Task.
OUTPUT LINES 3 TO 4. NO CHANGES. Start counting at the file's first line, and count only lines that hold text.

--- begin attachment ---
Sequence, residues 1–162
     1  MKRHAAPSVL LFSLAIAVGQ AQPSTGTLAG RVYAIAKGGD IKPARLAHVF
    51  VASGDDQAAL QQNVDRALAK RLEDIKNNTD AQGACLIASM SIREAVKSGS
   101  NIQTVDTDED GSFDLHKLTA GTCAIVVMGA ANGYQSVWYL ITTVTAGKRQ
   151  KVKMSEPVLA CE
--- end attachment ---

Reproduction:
    51  VASGDDQAAL QQNVDRALAK RLEDIKNNTD AQGACLIASM SIREAVKSGS
   101  NIQTVDTDED GSFDLHKLTA GTCAIVVMGA ANGYQSVWYL ITTVTAGKRQ